A Nairobi-bound Boeing 737 crashed minutes after an early-morning takeoff from Addis Ababa Sunday, killing all eight crew and 149 passengers on board, including four Indians, tourists, business travellers, and at least one delegate to a UN meeting.
Amid a global stream of condolences, many gathered in tears at Nairobi's Jomo Kenyatta International Airport (JKIA), as the victims' identities started to emerge.
People from 35 countries and one UN passport-holder were on board flight ET 302 when it ploughed into a field 60 kilometres southeast of Addis Ababa on what the airline's CEO Tewolde GebreMariam labelled a "very sad and tragic day".
An eyewitness told AFP the plane came down in flames.
"The plane was already on fire when it crashed to the ground. The crash caused a big explosion," Tegegn Dechasa recounted at the site, littered with passenger belongings, human remains, and airplane parts around a massive crater at the point of impact.
"I was near the river near the crash site. Shortly after the crash police and a fire crew from a nearby air force camp came and extinguished the plane's flames on the ground," Dechasa said.
"The plane was in flames in its rear side shortly before the crash. The plane was swerving erratically before the crash." The Boeing 737-800MAX was brand new, delivered to state-owned Ethiopian Airways on November 15, said the carrier, Africa's largest.
The plane is the same type as the Indonesian Lion Air jet that crashed last October, 13 minutes after takeoff from Jakarta, killing all 189 people on board. Foreign governments said tourists, business people, doctors, and a Kenyan football official were among the dead.
Also on board was at least one staff member of the UN Environment Programme meeting in Nairobi from Monday for an annual assembly of 4,700 heads of state, ministers, business leaders, senior UN officials and civil society representatives.
It came down near Tulu Fara village outside the town of Bishoftu.
The carrier, which changed its logo on Twitter to black and white from its trademark green, yellow, and red, said "there are no survivors".
"We can only hope that she is not on that flight," Peter Kimani, who had come to fetch his sister at Nairobi's JKIA, told AFP after news of the disaster reached those waiting in the arrivals hall.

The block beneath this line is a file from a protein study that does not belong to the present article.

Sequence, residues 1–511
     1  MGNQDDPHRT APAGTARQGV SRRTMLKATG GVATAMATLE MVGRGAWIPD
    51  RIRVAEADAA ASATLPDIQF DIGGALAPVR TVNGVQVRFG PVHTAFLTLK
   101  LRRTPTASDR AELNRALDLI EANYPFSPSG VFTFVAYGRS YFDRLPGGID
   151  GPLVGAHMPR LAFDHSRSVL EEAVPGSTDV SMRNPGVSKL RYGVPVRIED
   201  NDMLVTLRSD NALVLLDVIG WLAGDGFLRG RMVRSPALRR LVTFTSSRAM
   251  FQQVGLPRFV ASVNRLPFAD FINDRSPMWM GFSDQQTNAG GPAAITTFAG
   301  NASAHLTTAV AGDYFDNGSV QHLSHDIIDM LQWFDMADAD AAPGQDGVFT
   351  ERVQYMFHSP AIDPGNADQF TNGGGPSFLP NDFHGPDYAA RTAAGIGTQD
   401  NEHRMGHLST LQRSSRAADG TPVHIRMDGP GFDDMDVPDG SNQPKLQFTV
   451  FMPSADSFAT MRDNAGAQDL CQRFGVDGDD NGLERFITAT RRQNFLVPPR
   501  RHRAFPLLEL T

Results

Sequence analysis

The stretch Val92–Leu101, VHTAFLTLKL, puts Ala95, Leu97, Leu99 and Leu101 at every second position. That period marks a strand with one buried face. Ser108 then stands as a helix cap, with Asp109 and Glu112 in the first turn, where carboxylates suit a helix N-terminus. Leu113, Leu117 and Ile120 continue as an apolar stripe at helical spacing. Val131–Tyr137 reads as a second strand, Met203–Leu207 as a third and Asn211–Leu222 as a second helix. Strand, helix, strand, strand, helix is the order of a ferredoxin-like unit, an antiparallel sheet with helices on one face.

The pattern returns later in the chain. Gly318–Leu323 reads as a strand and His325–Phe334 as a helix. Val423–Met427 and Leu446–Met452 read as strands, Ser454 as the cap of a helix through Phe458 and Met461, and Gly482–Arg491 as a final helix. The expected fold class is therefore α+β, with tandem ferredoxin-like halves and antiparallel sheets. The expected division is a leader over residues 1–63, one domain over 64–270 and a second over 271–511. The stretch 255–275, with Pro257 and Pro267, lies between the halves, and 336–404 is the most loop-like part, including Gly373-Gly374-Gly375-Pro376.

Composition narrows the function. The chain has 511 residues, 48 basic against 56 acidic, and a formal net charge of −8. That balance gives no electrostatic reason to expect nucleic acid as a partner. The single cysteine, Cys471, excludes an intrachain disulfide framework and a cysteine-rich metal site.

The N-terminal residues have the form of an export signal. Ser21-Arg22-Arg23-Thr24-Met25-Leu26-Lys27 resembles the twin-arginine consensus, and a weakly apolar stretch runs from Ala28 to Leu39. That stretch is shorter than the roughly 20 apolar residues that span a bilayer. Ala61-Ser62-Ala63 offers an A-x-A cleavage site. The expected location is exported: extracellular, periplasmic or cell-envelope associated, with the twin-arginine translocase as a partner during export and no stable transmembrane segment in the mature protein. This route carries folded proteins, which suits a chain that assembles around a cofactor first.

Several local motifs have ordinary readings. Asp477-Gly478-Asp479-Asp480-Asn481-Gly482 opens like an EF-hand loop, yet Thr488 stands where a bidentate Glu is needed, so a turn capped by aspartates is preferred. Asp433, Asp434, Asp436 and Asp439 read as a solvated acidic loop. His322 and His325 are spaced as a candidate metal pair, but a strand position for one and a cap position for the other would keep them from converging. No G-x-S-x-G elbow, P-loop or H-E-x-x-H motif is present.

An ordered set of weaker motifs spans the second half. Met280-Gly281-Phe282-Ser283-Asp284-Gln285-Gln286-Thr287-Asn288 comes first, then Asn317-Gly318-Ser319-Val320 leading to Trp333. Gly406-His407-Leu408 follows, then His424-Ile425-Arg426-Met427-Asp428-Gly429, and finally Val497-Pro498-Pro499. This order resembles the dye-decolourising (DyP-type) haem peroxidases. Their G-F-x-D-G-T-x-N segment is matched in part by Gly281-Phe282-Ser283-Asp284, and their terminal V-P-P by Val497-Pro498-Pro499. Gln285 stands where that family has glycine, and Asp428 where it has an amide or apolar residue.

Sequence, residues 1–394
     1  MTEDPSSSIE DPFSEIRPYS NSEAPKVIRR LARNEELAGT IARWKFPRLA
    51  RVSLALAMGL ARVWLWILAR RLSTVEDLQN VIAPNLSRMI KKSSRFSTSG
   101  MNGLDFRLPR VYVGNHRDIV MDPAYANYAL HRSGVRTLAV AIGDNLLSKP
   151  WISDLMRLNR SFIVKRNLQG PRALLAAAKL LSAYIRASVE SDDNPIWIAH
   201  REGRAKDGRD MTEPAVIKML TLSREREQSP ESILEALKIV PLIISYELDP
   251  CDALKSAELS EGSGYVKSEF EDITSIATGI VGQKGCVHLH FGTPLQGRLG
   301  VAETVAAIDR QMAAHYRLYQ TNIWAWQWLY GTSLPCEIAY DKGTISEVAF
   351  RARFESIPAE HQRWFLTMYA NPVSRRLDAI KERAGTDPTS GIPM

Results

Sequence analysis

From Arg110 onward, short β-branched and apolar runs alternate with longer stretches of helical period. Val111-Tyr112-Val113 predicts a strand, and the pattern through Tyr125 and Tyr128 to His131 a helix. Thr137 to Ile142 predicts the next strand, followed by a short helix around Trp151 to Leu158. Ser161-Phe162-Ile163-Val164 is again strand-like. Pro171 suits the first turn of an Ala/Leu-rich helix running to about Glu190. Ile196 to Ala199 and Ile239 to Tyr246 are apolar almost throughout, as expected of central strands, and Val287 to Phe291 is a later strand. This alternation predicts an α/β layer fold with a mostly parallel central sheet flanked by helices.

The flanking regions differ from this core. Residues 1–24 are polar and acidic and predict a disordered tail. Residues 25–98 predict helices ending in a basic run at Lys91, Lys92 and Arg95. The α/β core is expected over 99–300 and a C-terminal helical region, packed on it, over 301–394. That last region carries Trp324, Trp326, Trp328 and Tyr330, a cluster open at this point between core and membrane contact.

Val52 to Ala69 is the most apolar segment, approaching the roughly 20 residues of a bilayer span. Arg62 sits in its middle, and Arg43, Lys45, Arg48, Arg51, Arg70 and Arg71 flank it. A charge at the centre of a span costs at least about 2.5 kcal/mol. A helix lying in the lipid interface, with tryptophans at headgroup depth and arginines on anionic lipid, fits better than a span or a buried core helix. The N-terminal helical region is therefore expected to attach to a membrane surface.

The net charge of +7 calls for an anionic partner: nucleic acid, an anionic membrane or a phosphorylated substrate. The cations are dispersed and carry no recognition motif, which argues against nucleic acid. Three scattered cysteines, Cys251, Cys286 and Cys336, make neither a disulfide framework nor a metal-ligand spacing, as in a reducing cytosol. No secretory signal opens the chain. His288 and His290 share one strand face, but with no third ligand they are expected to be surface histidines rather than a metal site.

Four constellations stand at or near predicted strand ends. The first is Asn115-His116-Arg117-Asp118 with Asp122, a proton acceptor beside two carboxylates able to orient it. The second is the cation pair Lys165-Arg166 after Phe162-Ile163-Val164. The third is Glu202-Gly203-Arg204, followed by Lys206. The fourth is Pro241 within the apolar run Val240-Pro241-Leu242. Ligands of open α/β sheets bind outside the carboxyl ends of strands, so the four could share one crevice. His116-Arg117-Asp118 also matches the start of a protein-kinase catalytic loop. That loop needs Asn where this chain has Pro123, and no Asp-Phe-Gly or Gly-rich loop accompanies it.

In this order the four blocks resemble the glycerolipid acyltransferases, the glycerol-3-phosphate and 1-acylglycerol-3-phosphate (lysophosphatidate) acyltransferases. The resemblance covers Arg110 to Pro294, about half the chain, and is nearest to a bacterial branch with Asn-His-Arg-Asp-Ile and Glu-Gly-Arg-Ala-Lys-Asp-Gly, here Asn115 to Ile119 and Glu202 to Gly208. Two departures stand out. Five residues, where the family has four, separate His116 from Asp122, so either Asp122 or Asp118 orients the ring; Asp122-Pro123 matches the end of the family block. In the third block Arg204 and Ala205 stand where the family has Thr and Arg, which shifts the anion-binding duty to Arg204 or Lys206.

Loved ones were later brought to the onsite Sheraton Hotel where they were debriefed and offered counselling. Journalists were not allowed in, but could hear sobbing from inside.
African Union commission chief Moussa Faki Mahamat spoke of "utter shock and immense sadness", while Mahboub Maalim, executive secretary of the IGAD East African bloc, said the region and the world were in mourning.
"I cannot seem to find words comforting enough to the families and friends of those who might have lost their lives in this tragedy," Maalim said in a statement.
Sympathy messages also came from the governments of Ethiopia, Kenya, Uganda, Britain and Germany.
GebreMariam said the plane had flown in from Johannesburg earlier Sunday, spent three hours in Addis and was "despatched with no remark", meaning no problems were flagged.
The senior captain, Yared Getachew, had some 8,000 flight hours under his belt.
Ethiopian and American investigators will probe the crash, said GebreMariam.
For one family member waiting in Nairobi there was a happy ending. Khalid Ali Abdulrahman was waiting for his son who works in Dubai and feared the worst when a security official told him the plane had crashed.
"I was shocked, but shortly after, my son contacted me and told me he is still in Addis and did not board that flight, he is waiting for the second one which has been delayed.
(This story has not been edited by Business Standard staff and is auto-generated from a syndicated feed.)